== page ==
In March this year about 100 grain growers gathered in Canberra to discuss the future structure and administration of GRDC. These growers were the industry leaders from across the country and the Minister was invited to attend and speak to the meeting.

This was a unique opportunity for the Minister to consult with the decision makers of the industry and engage in a genuine dialogue about any and all issues including relocation of the GRDC. The Minister snubbed the meeting and did not attend in any capacity.

Subsequently he has advised these same people he intends to move the GRDC, but with a commitment to consult. Seriously!

It seems to me that the Minister is struggling to address the fundamental issues affecting farm viability in Australia. He has failed to address the protection of agricultural land from extractive industries, even in his own electorate. He has failed to resolve a functional drought support scheme for those hardest hit by exceptional circumstances and ineligible to access the under-utilised drought loan scheme. He has failed to even recognise the opportunity in the Reserve Bank Amendment Bill to provide structural reform to rural finance and which he actively quashed.

He has refused to attack the clearly flawed Murray-Darling Basin Plan and help restore vital water to agricultural production in the Basin. He has failed to resolve the monopolistic stranglehold supermarkets, meat processors and grain bulk handling companies have on their respective sectors - and indeed in the case of grains he has failed to even see it.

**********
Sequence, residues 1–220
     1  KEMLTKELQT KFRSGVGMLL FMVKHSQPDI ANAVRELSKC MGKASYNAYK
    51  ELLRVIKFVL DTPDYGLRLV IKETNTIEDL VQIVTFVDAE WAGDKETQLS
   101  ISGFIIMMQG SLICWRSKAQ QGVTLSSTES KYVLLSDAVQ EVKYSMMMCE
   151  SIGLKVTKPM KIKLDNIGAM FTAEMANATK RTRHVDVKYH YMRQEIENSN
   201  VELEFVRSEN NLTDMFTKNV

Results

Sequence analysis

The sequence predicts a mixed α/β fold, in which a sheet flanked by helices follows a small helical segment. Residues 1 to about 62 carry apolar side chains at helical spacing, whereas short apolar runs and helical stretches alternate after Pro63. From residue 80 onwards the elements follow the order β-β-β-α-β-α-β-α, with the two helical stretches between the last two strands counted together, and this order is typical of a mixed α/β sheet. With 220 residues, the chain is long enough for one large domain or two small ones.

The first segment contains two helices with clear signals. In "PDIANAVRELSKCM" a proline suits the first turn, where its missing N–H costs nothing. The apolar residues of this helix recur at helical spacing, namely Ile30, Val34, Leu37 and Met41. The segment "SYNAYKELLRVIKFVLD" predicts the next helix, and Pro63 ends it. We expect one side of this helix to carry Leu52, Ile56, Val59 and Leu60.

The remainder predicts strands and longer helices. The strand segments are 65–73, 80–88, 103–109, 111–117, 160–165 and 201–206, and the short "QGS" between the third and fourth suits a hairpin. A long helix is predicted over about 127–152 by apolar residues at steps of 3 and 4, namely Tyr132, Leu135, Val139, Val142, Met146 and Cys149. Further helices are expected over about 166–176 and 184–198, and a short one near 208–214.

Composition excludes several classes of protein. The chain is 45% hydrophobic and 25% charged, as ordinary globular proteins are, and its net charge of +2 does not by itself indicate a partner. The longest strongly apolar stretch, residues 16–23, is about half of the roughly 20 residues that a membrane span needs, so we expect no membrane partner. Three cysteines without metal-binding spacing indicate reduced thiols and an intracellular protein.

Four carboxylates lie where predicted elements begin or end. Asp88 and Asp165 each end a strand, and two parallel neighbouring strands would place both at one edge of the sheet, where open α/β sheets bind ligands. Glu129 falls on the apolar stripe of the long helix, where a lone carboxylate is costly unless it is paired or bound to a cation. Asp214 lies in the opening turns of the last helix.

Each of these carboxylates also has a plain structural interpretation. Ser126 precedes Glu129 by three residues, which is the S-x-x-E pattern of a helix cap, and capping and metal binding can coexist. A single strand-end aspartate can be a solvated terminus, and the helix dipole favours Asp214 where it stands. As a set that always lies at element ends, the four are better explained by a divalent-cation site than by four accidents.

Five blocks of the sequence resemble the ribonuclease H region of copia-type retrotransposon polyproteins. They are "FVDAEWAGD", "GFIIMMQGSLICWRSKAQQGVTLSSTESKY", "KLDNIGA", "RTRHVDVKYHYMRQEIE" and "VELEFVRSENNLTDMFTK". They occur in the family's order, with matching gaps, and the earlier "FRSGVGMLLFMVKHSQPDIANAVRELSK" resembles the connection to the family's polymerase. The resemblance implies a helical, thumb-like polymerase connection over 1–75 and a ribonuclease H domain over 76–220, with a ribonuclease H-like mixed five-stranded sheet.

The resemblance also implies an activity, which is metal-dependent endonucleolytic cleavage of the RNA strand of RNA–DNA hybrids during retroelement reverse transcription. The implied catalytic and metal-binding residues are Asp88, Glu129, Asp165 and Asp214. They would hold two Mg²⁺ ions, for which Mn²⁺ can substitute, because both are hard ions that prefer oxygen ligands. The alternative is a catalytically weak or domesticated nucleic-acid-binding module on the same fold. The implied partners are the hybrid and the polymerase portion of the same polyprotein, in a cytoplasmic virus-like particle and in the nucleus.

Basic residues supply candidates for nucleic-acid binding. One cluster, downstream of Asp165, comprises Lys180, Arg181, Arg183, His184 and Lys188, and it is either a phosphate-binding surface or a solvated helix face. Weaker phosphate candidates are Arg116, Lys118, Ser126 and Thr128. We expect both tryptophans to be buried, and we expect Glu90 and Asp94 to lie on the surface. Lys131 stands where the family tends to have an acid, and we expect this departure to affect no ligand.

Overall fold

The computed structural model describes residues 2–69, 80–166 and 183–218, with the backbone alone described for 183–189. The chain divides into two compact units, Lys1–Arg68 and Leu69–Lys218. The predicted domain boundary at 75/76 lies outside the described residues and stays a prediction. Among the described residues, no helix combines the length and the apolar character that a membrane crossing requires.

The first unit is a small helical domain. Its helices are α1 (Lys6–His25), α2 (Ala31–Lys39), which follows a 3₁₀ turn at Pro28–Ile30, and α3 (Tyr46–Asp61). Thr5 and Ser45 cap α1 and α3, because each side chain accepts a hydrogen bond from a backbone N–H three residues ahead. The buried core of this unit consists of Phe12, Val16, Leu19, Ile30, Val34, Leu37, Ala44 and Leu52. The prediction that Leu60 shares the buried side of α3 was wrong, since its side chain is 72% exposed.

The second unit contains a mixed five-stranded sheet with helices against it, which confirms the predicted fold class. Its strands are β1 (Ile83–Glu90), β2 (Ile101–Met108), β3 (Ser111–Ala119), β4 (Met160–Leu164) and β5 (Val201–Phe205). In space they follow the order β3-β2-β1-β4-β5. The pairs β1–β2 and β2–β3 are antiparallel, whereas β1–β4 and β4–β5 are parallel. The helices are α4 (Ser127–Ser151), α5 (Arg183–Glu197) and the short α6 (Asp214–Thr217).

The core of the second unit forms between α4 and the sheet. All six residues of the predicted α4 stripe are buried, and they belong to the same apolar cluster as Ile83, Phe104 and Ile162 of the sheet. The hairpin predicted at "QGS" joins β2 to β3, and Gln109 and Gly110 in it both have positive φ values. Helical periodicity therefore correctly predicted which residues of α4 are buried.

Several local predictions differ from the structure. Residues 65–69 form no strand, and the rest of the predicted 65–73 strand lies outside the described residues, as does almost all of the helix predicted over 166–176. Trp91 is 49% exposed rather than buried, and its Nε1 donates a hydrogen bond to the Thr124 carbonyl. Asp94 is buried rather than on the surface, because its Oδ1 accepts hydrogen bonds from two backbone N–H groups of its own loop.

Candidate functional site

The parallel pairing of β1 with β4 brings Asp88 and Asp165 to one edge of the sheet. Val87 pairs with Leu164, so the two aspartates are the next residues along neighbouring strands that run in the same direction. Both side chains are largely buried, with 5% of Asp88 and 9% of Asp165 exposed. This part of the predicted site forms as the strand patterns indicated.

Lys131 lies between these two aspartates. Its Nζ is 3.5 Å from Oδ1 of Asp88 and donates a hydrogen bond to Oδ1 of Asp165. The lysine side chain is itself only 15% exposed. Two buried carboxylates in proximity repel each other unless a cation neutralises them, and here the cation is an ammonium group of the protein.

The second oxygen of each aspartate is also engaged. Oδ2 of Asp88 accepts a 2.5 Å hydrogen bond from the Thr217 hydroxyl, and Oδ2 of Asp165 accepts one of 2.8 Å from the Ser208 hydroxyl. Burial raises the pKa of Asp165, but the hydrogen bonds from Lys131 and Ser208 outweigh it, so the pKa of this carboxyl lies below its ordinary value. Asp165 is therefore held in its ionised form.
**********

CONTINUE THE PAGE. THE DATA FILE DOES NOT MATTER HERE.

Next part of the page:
If he had achieved any one of these things he would have provided a bigger overall stimulus to all agricultural communities across the country and in turn provided a larger and more sustainable economic stimulus. In fact he has managed to prevent grain stocks reporting by bulk handling companies, which was won by GPA in 2012, costing growers between $60m and $100 million a year.

However, he is skilled at moving people’s attention away from the real action and putting on a good show of distraction and misdirection. His most notable recent effort came when he decided to dramatically and publicly threaten Johnny Depp’s dogs.

In March GPA wrote to the Minister discreetly expressing concerns about and asking for justification of a possible relocation of GRDC and did not get a relevant response. The Minister wrote last week announcing his intention to proceed with relocating GRDC.

On May 18, GPA issued a press release publicly asking for the justification of the proposed GRDC move. The press release was signed off by AgForce in Qld, NSW Farmers Association, Victorian Farmers Federation, Grain Producers SA, WA Farmers Federation, WA Grains Group and Tasmanian Farmers and Graziers Association.

In good faith that press release was also emailed to the Hon Warren Truss MP by the current chairman of the GPA, who received this reply: